When selecting art for your home or office there a few considerations to keep in mind. Color, content, and texture are some of them but what about if your not even sure about what colors belong in the the space. Framing is necessary and can often intimidate a buyer (black frame-white mat vs. gold frame- off white mat?!). This article is meant to help the new collector select art that “speaks to them” and also guide you to find a style that will help you begin your collection. Starting small can help you grasp what direction you will root your future collection in.
Color, Content, and Texture
Color is intense, color is subtle. Color can make a room have a certain energy about it and it can also be what winds you down at the end of a day. Choosing art work that falls within the scheme or surrounding colors is a great first step. Working with an Interior Designer from the very beginning creates a premeditated and curated look; but if you are on your own and the wall color is staying as-is keep the wall color in mind. White walls are almost gallery like and scream for a great piece of art to be hung. Green walls would be a great host for a scenic landscape. Use your intuition and let it guide you. Below the Birch trees in a large indoor planter mimic the lines of the side-by-side paintings. The vertical and horizontal lines echo one another and leave a lasting emotional impression to people sitting in this family room.
Content is the center of art. A seascape evokes calmness and peace, perfect in a bathroom with your largest soaking tub or above your desk to gaze at to find refuse when the emails are pouring in. A gestural abstract painting creates a buzzing energy that sings with contemporary furniture.
Texture is the magic third ingredient to selecting the right art piece. Texture in terms of fabric is easy to describe but texture on a painting is visual and not a hand feel. Its easy to say linen is soft and wool is course but when talking about visual art it is slightly different. Oil paint can look wet just by adding linseed oil and appear water-like and oil pastels outlining a peony can look powdery and soft to the touch. Learning what mediums create what textures over time and what you have a preference for can be the fun part of starting a collection.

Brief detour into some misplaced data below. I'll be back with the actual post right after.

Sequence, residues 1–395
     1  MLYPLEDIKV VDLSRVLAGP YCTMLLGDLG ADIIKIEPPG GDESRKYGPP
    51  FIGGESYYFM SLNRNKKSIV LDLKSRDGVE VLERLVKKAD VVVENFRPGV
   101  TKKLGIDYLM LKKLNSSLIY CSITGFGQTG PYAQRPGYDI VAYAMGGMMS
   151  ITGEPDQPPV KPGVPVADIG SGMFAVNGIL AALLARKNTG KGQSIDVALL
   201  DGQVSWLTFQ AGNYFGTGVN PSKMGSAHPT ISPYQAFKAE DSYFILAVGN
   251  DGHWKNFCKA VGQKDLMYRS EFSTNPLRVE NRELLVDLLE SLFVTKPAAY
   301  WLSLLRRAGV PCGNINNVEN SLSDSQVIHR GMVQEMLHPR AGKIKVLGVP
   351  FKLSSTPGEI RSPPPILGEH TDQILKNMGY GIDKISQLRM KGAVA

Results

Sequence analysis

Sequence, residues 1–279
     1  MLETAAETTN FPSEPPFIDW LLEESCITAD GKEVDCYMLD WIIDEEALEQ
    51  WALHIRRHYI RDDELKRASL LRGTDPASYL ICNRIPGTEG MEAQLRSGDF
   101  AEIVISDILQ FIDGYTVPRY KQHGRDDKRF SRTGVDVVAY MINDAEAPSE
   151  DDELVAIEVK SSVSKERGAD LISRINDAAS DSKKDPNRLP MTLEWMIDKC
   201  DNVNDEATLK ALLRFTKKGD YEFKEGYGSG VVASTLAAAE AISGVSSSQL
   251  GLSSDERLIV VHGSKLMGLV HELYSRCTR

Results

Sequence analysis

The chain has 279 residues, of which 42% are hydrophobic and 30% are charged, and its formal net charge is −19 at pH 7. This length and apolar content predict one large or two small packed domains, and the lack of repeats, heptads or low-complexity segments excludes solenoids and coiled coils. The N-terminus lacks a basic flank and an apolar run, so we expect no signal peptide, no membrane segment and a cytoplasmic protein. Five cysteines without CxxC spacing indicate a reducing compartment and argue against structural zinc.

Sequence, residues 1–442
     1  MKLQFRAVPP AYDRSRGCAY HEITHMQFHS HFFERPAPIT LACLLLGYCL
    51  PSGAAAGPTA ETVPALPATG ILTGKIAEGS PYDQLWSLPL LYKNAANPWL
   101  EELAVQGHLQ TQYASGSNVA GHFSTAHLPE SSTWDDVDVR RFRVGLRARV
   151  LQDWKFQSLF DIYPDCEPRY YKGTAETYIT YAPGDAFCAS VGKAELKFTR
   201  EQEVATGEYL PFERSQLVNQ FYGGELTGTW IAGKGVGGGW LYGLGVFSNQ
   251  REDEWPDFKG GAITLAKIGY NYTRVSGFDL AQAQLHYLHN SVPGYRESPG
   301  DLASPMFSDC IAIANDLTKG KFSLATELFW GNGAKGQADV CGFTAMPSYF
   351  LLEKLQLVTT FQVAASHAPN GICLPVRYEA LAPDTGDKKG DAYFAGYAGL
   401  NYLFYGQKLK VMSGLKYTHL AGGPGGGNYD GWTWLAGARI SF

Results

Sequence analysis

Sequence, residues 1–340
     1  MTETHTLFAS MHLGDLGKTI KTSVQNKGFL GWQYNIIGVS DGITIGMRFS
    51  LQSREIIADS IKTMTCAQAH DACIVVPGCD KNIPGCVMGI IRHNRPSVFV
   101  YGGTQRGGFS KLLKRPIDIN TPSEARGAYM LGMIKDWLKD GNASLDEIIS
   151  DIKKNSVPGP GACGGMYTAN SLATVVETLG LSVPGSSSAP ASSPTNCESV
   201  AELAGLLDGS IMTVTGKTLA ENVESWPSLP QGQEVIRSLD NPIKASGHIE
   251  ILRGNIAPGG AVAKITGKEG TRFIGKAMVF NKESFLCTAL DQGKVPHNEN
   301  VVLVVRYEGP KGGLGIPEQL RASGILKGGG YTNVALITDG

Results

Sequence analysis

Notice how this Monet is soft on the eyes and the Jackson Pollock below is hard. Notice how paint is applied to the canvas and how it makes a difference.
Choosing a Framing
Framing can translate an overall look you are trying to achieve. Its kind of like a cherry on top of the room. Gold gilded frames ooze glamour and can make a room feel lux just by putting a simple Child’s drawing in one. A simple black frame can fit into many different types of rooms and also allows the art to speak for itself. Below I have two examples of the same piece of artwork in two different frames. Compare the two. Do they make you feel different? Does one seem more contemporary than the other? Choose for yourself what is best for your room and the statement you would like to make. In my opinion a simple off-white mat is a choice that you won’t regret with any style frame.
Hanging the Art
This may be what has kept you from displaying art in your house. Eye level is a safe place to hang your art. You want to look at your art when you walk by right?! Side by side is great for pieces that were painted with one another in mind (Scroll up to see this example). I have a personal favorite that I have named ‘Quad Framing’. Now you may be wondering what does that mean, well its it a group of four pieces; Hang two across, two down. It works really well when you have four pieces from the same artist or print collection.
The last picture is of two framed seascapes with a right orientation on the wall. This allows for a light switch to have its place on the wall; Get creative. Remember hanging a picture is not permanent. Its a great way to experiment with a look in your home. Low risk, high reward.
If you have any questions feel free to contact me and I would be happy to help. My website explains the process of working with me and don’t forget it is supposed to be fun!
Happy Hanging, Renae
Renae Keller is an award-winning, ASID certified interior designer in Minneapolis-St. Paul, specializing in new construction and large remodels. Trusted by homebuilders, architects and homebuers alike, Renae is known for creating an overall design vision that blends functionality and aesthetics, while keeping the details intertwined, and her customer's style in clear focus.